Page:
A hanging basket can add vertical interest to your indoor garden. There are many houseplants with trailing foliage that adapt well to hanging basket container culture, such as the fern or the spider plant. A plant placed in a hanging basket can take advantage of window light in a location where you could not otherwise put a container plant. Hanging planters can also brighten up an otherwise dull corner or wall.
Locate the wooden studs in your walls and ceiling with a stud sensor. Mark the stud location lightly with a pencil. If you are trying to locate the studs along a ceiling, use a ladder to reach the ceiling. Do not attempt to anchor a planter in a section of wall if there is no wooden stud backing that section of wall. According to the Alabama Cooperative extension system, a hanging basket filled with wet potting soil is heavy enough to pull an anchor out of a lightweight anchor such as a plywood wall or plaster ceiling.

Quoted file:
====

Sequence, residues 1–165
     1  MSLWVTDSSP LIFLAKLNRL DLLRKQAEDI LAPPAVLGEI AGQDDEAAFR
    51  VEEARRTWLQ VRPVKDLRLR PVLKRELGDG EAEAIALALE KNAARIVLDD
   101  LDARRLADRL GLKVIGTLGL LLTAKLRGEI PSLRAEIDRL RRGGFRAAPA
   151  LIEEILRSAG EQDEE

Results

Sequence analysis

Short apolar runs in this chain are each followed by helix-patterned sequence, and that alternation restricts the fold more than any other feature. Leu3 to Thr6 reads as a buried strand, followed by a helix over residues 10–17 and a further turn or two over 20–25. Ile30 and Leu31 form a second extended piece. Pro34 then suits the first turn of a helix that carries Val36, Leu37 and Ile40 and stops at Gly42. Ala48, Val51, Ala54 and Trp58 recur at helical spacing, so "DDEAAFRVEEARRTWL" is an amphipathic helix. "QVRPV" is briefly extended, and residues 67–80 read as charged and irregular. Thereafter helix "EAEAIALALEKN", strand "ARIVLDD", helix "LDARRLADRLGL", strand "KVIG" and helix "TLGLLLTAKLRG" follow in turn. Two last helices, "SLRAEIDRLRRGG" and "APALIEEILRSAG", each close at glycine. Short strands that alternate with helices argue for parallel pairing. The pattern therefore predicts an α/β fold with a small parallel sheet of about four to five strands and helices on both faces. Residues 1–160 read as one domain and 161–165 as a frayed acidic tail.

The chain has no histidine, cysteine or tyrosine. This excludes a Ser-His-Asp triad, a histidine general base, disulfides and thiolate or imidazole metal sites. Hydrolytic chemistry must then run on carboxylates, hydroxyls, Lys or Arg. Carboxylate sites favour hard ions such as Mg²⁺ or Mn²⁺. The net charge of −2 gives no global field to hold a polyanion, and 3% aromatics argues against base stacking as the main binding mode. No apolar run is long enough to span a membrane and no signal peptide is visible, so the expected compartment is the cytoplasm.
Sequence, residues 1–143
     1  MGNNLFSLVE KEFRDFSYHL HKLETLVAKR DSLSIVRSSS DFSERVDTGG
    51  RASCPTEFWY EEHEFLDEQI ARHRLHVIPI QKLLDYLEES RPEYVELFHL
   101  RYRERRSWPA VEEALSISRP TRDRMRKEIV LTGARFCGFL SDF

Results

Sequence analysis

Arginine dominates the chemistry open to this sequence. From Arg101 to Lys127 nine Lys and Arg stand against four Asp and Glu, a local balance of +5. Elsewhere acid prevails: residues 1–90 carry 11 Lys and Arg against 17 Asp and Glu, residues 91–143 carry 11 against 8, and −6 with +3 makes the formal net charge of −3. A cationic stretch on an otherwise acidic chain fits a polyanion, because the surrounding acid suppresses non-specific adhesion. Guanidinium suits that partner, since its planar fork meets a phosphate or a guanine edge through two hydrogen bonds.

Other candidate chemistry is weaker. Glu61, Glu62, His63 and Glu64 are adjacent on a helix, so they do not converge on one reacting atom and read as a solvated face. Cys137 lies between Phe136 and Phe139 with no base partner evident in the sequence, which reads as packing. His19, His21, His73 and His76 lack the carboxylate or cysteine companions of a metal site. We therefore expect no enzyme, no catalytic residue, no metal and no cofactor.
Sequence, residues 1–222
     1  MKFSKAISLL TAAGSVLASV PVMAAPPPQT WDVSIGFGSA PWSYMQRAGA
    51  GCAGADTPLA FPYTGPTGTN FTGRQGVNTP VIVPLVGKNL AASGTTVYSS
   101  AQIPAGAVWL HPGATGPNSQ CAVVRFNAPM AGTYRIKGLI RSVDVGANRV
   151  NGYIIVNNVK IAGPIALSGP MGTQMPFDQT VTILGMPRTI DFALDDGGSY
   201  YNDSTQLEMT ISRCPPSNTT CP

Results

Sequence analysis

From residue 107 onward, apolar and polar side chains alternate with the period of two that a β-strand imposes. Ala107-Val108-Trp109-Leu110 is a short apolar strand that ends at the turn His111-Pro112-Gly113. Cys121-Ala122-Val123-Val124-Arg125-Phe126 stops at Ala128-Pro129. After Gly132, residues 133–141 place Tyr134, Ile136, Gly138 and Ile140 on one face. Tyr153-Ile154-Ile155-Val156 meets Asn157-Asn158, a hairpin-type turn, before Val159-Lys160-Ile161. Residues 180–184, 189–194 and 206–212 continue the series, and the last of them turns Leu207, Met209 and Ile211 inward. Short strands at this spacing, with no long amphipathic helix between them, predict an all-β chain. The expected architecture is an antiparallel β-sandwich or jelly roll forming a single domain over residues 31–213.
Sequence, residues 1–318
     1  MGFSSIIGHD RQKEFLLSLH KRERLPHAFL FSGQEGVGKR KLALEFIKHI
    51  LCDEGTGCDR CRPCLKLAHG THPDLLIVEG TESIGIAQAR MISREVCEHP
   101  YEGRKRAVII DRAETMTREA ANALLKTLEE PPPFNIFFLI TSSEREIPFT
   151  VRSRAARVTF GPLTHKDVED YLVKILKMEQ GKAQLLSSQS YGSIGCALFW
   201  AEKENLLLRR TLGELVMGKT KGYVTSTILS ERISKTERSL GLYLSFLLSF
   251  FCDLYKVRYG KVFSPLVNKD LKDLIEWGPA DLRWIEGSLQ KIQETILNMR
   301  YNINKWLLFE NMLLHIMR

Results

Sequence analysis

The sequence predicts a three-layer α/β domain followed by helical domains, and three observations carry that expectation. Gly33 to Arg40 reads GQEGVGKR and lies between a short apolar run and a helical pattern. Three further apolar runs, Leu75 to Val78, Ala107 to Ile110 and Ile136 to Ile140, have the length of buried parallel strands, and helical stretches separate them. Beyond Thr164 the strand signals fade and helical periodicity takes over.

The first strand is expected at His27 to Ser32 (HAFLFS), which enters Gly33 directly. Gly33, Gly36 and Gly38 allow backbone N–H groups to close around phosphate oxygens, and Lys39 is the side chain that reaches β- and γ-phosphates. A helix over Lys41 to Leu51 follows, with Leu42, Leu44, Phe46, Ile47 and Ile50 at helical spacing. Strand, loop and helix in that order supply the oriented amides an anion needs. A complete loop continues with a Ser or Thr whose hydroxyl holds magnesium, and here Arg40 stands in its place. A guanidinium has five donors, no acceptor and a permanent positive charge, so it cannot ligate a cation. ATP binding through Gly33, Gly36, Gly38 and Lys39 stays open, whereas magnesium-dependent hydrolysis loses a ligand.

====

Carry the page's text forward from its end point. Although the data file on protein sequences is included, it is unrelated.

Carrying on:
Select a ¼ inch drill bit and drill a tiny hole into the surface. This will create a starting channel for a heavy duty screw hook to make it easier to attach the screw hook to the location.
Screw a heavy duty screw hook into the location that you've chosen. Hang potted plants with hooks or chains by hooking them through the screw hook.
Change the drill head from a drill to a Phillips screw driver bit.
Attach planters to a wall by holding a wall bracket up to the marked wall stud. Insert a mounting screw through the bracket's screw hole and place the point against the wall.
Press the Philips screw driver bit against the screw and drive the screw into the wall with the drill.
Place a planter into the planter mounting bracket.